Others have pointed out that this isn't overriding, but that still leaves your original question: why are you able to do it? (But the question is really "why can you hide static methods".)
It's an inevitable feature of supporting the independent versioning of component that contain base classes and components that use those base classes.
For example, imagine that component CompB contains the base class, and some other component CompD contains a derived class. In version 1 of CompB, there might not have been any property called LogName. The author of CompD decides to add a static property called LogName.
The critical thing to understand at this point is that the author of v1 of CompD was not intending to replace or hide any feature of the base class - there was no member called LogName in the base class when they wrote that code.
Now imagine that a new version of the CompB library is released. In this new version, the author added a LogName property. What's supposed to happen in CompD? The options appear to be:
- CompD no longer works because the LogName it introduces clashes with the LogName added to CompB
- Somehow make the CompD's LogName replace the base CompB LogName. (It's not actually remotely clear how this could work with statics. You could envisage this with non-statics though.)
- Treat the two LogName members as being completely different members that happen to have the same name. (In reality, they don't - they're called BaseLogger.LogName and SpecificLogger.LogName. But since in C# we don't always need to qualify the member name with the class, it looks like they're the same name.)
.NET chooses to do 3. (And it does that with both statics and non-statics. If you want behaviour 2 - replacement - with non-statics, then the base has to be
virtual and the derived class has to mark the method as
override to make it clear that they were deliberately overriding a method in the base class. C# will never make a derived class's method replace a base class's method unless the derived class explicitly stated that this is what they wanted.) This is likely to be safe because the two members are unrelated - the base LogName didn't even exist at the point where the derived one was introduced. And this is preferable to simply breaking because the latest version of the base class introduced a new member.
Without this feature, it would be impossible for new versions of the .NET Framework to add new members to existing base classes without that being a breaking change.
You say that the behaviour isn't what you expect. Actually it's exactly what I'd expect, and what you'd probably want in practice. The BaseLogger has no idea that the SpecificLogger has introduced its own LogName property. (There's no mechanism by which it could because you cannot override static methods.) And when the author of SpecificLogger wrote that LogName property, remember that they were writing against v1 of BaseLogger which didn't have a LogName, so they weren't intending that it should replace the base method either. Since neither class wants replacement, clearly replacement would be the wrong thing.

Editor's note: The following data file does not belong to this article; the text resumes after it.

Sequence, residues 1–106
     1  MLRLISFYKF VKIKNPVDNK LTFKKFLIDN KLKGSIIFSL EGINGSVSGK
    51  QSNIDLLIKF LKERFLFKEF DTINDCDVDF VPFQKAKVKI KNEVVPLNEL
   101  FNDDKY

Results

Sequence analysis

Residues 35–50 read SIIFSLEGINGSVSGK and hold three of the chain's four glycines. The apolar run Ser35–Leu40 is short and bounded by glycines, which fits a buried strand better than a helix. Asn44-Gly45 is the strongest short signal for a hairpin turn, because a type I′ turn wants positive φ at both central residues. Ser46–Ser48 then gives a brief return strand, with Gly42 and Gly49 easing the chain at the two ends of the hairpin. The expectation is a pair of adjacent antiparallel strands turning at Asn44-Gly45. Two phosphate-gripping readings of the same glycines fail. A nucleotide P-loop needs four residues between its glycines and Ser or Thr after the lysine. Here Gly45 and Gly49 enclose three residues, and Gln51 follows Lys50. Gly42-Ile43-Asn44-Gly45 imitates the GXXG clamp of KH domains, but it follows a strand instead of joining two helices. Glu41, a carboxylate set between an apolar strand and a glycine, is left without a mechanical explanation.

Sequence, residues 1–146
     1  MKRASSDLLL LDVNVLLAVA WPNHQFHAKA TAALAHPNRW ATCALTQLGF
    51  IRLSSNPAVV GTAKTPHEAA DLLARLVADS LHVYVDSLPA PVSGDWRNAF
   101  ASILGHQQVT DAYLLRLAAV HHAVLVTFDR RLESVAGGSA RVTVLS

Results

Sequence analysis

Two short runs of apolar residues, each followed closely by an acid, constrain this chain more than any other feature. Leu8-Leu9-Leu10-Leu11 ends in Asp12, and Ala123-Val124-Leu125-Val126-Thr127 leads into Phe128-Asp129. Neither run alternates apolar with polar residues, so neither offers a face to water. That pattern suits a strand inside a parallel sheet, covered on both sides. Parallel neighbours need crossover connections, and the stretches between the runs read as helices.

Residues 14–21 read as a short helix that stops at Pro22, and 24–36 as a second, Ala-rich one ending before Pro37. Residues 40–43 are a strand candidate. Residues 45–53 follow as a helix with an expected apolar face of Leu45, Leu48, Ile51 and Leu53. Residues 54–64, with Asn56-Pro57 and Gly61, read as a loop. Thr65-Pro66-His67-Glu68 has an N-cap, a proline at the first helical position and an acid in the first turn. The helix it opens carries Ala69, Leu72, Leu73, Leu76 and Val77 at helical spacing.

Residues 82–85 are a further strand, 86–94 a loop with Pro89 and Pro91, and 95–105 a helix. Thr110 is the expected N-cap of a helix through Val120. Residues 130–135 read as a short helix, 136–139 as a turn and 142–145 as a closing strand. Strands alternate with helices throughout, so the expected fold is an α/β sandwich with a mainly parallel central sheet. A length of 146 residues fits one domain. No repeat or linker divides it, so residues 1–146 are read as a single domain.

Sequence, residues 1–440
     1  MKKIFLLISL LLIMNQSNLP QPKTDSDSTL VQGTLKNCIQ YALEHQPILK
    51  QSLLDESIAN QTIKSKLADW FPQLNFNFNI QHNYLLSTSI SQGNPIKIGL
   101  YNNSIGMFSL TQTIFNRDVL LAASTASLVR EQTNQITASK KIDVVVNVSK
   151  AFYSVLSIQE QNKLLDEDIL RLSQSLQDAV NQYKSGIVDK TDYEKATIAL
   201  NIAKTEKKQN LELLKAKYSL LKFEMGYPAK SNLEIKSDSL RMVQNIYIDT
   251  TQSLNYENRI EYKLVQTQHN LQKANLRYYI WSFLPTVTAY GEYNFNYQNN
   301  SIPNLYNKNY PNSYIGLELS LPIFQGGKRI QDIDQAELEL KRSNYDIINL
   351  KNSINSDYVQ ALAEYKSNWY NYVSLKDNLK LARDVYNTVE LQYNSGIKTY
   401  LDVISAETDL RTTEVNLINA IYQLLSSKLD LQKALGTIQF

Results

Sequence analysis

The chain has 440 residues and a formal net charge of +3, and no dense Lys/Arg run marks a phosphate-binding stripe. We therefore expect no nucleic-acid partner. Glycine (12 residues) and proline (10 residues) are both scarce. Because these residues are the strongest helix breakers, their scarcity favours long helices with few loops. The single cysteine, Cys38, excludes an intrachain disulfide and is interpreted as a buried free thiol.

The only scenario in which you should ever end up in this situation is because the two classes are in different components. (Obviously you can contrive a scenario when they're in the same component, but why would you ever do that? If you own both pieces of code and release them in a single component, it'd be mad ever to do this.) And so BaseLogger should get its own LogName property, which is exactly what happens. You may have written:
but the C# compiler sees that SpecificLogger doesn't provide a Log method, so it turns this into:
because that's where the Log method is defined.
So whenever you define a method in a derived class that isn't attempting to override an existing method, the C# compiler indicates this in the metadata. (There's a "newslot" setting in the method metadata that says, this method is meant to be brand new, unrelated to anything in the base class.)
But this gives you a problem if you want to recompile CompD. Let's say you've got a bug report due to some entirely unrelated bit of code and you need to release a new version of CompD. You compile it against the new verison of CompB. If the code you've written wasn't allowed, you wouldn't actually be able to - old code that's already compiled would work, but you wouldn't be able to compile new versions of that code, which would be a bit mad.
And so, to support this (frankly somewhat obscure) scenario, they allow you to do this. They generate a warning to let you know that you've got a naming clash here. You need to supply the
new keyword to get rid of it.
This is an obscure scenario, but if you want to support inheritance across component boundaries, you need this, otherwise the addition of new public or protected members on a base class would invariably be a breaking change. That's why this is here. But it's bad practice ever to rely on it, hence the fact that you get a compiler warning. The use of the
new keyword to get rid of the warning should only ever be a stopgap.
The bottom line is this: this feature exists for one reason only, and that's to get you out of a hole in situations where a new version of some base class has added a member that didn't previously exist, and which clashes with a member that's already on your derived class. If that's not the situation you're in, don't use this feature.
(I think they should actually issue an error rather than a warning when you leave out new, to make this more clear.)